Two Decades of Behavioral Research on Analytical Procedures: What Have We Learned?
William F. Messier Jr.
University of Nevada, Las Vegas - Department of Accounting; Norwegian School of Economics (NHH) - Department of Accounting, Auditing and Law
University of Nevada, Las Vegas - Department of Accounting
Jason L. Smith
University of Nevada, Las Vegas
July 28, 2011
This paper presents a comprehensive review of behavioral research on external auditors’ use of analytical procedures published over the past two decades. We frame our review around four phases of the analytical procedures process: develop an expectation, establish a tolerable difference, compare the expectation to the recorded amount and investigate significant differences, and evaluate explanations and corroborative evidence. We find that while considerable research has focused on auditors’ performance of the latter phases of the analytical procedures process (i.e., investigate significant differences and evaluate explanations and evidence), relatively less research has focused on the initial phases of the process (i.e., setting expectations and establishing thresholds). We also find that prior research has primarily focused on the preliminary and substantive analytical procedure settings with little research examining auditors’ judgments and decisions when using analytical procedures at the overall review stage of the audit engagement. Finally, we summarize the significant findings from research in each phase and provide a number of research questions whose answers could improve our understanding and the performance of analytical procedures.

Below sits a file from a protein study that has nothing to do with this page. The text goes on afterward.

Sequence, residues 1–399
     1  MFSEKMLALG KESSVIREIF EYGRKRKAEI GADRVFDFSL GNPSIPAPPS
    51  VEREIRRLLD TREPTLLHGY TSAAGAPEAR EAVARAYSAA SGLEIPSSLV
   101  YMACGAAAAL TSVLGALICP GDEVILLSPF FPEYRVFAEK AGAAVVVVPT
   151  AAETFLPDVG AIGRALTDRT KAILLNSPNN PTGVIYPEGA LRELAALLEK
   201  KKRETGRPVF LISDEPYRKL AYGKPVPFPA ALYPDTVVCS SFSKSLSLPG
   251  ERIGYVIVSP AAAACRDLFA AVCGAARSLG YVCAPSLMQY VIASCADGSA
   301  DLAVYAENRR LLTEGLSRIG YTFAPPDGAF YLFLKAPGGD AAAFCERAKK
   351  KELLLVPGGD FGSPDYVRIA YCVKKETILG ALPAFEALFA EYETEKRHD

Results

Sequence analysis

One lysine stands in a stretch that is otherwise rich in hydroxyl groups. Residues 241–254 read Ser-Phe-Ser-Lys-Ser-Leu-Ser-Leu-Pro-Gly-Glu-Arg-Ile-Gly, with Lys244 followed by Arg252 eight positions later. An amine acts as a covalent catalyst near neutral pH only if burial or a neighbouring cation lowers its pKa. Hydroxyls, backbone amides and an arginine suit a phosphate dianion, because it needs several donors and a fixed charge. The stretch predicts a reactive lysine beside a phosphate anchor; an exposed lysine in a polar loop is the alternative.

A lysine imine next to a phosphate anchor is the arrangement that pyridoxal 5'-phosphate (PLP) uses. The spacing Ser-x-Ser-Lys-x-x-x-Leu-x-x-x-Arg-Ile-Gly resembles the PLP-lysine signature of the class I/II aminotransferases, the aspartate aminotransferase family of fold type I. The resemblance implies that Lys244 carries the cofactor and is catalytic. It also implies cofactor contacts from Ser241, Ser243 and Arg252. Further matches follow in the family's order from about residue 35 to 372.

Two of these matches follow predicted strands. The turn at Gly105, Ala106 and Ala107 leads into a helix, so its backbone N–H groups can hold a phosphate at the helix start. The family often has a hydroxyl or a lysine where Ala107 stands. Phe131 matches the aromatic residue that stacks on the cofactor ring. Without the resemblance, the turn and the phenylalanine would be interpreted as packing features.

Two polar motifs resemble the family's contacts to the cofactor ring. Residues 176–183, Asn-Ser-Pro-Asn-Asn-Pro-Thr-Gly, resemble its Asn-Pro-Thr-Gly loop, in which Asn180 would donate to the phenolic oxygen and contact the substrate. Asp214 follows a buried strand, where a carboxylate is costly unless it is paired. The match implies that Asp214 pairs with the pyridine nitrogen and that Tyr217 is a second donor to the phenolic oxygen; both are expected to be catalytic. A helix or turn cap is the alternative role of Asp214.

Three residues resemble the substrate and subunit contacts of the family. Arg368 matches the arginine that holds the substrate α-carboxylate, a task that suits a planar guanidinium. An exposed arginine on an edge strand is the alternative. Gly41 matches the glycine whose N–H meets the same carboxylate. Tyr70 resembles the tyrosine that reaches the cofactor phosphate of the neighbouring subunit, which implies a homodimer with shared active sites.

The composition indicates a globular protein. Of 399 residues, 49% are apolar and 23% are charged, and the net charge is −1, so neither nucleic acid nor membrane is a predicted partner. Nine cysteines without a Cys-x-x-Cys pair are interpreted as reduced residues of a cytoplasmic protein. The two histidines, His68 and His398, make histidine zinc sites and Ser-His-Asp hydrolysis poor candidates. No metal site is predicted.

Number of Pages in PDF File: 67
Keywords: Analytical Procedures, risk assessment procedures; auditing standards
JEL Classification: M41working papers series
Date posted: July 28, 2011 ; Last revised: November 22, 2012
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